ADVANCED REVIEW: ‘Yona of the Dawn,’ Volume 31

Reading Time: 3 minutes

Yona of the Dawn Volume 31

It happened. It happened. Everyone stay calm. Yona of the Dawn Volume 31 sees the group recover from both battle and love confessions. VIZ Media’s imprint, Shojo Beat, brings readers Mizuho Kusanagi’s fantasy epic in English. The story follows a young princess and her bodyguard who are sent on the run after a coup on the palace by those they trusted. The English Adaptation is by Ysabet Reinhardt MacFarlane, with translation from JN Productions and touch-up art and lettering by Lys Blakeslee.

No one can deny that both Volume 29 and Volume 30 were absolute knockouts with high stakes and emotion. Yona of the Dawn Volume 31 slows the pace down because the story needs it. The characters and readers both haven’t had a chance to breathe, let alone really talk to each other in a good chunk of chapters. While it may not be the most titillating in terms of action, Kusanagi still has ways of keeping readers on the edge of their seats.

Okay, okay, let’s get to the elephant in the room: Yona confessed to Hak. Hak realized he was not dreaming…kind of. Their awkwardness is adorable, especially since Yona cannot initially speak due to the throat injury she sustained from the fire. While the rest of their found family can read the two like books, both Yona and Hak are hopeless when it comes to reading each other. While it adds a great layer of comedy to the romance, it also comes from a real and tender place. Both of these kids wanted to respect the others’ trauma, and never wanted to force feelings. They went so hard on respecting each others’ emotional consent that now it is difficult for them to process that they both have the “okay” to be in love with the other.

On the political side of things, everyone may have played nice for the battle, but once again the positive results have a ripple effect across the country. Keishuk knows immediately that there is no way Hak can be branded as a criminal after leading the troops to victory and earning their trust. Additionally, Keishuk admits that Hak’s physical and tactical prowess make him essentially an unmatched warrior in this lifetime. All of this means that Keishuk is back to his scheming in Yona of the Dawn Volume 31.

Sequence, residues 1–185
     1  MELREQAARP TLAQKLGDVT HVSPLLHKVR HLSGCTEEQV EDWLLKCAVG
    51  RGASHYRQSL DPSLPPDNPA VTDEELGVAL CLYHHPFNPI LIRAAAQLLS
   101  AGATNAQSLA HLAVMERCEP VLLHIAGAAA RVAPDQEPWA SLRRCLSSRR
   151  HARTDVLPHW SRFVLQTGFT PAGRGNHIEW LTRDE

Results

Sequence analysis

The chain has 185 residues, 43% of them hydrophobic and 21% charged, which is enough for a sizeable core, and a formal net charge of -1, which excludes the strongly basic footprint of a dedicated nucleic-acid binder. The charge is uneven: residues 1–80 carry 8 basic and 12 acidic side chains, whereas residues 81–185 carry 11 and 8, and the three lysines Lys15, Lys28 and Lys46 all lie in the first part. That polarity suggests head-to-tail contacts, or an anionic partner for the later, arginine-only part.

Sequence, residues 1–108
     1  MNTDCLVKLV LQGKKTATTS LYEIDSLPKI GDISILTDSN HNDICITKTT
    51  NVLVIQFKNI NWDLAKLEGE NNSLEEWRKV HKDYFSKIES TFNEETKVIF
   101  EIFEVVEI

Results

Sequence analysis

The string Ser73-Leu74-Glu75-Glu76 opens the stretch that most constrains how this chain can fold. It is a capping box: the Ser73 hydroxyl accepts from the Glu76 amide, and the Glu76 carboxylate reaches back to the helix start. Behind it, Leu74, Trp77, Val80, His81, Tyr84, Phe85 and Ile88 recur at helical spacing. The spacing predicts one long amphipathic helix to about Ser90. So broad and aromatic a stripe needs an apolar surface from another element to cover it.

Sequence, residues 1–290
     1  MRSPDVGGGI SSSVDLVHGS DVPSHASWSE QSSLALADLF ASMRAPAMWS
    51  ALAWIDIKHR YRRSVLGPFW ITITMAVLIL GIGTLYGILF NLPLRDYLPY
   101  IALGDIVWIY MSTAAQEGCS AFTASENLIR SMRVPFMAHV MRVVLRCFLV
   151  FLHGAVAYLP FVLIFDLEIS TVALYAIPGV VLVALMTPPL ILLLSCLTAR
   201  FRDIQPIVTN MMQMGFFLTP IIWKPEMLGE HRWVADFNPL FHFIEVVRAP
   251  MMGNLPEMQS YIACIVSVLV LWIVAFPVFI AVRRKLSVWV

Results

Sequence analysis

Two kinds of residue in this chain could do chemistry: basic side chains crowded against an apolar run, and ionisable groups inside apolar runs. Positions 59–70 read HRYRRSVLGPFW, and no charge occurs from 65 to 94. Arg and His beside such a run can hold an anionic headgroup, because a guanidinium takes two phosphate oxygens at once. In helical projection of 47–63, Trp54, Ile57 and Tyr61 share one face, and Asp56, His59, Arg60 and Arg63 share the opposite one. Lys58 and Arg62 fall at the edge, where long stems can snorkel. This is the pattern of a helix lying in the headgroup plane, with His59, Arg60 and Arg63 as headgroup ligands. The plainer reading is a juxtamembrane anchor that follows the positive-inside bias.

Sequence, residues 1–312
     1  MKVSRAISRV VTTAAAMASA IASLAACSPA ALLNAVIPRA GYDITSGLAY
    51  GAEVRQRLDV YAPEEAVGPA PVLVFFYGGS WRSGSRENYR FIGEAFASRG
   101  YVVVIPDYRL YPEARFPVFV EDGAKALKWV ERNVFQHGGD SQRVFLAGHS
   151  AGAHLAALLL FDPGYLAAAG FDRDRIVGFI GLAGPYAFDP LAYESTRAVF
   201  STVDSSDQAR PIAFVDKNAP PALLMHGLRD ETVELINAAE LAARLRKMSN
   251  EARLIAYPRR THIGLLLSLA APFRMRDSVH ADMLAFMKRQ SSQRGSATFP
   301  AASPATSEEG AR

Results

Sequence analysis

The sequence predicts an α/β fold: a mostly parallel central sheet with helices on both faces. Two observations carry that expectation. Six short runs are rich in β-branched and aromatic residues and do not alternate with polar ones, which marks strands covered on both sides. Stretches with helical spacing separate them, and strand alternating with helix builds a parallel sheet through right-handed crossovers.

Keishuk’s motives are still unclear, but through comments made by various characters, a picture is put together. Whether it is clearer is up to the reader. The mysterious man claims to not be involved in the coup and Su-won’s reign for personal gain, but out of admiration for Su-won’s father. As far as we know, Su-won’s dad wasn’t a great guy…so that isn’t the greatest endorsement. Additionally, Keishuk seems completely unbothered by whatever trauma he has to put Yona through to achieve these goals.

Yona of the Dawn Volume 31 indeed sees Yona begin to confront that trauma, and Kusanagi beautifully makes our heroine’s journey come full circle to illustrate her growth. This isn’t to say she is unaffected. In fact, facing her trauma is difficult to witness as a reader. However, a lot of this volume focuses on how Yona and Hak have realized they have a family they want to protect, and they are willing to stare Hiryuu Palace in the face.

It isn’t just them. The Four Dragon Warriors are also realizing what this family has done for them. Even centuries-old Zeno is breaking out of his shell, which the gents notice. The developments are so subtle that it sometimes takes a clever side comment from a character to make readers really reflect on how far they’ve come. Once again, this is brilliant work on Kusanagi’s part.

Yona of the Dawn Volume 31 may feel slower for some, but that is only because breathing room is needed. A lot of weight is given to the characters reflecting on how far they’ve come and where they’d like to go. It is a necessary addition to the story in order to move forward. Also: YONA SAID, “I LOVE YOU” AT LAST. Enough said.

Yona of the Dawn Volume 31 goes on sale on August 3rd wherever books are sold.

Yona of the Dawn Volume 31
4.5

TL;DR

Yona of the Dawn Volume 31 may feel slower for some, but that is only because breathing room is needed. A lot of weight is given to the characters reflecting on how far they’ve come and where they’d like to go. It is a necessary addition to the story in order to move forward. Also: YONA SAID, “I LOVE YOU” AT LAST. Enough said.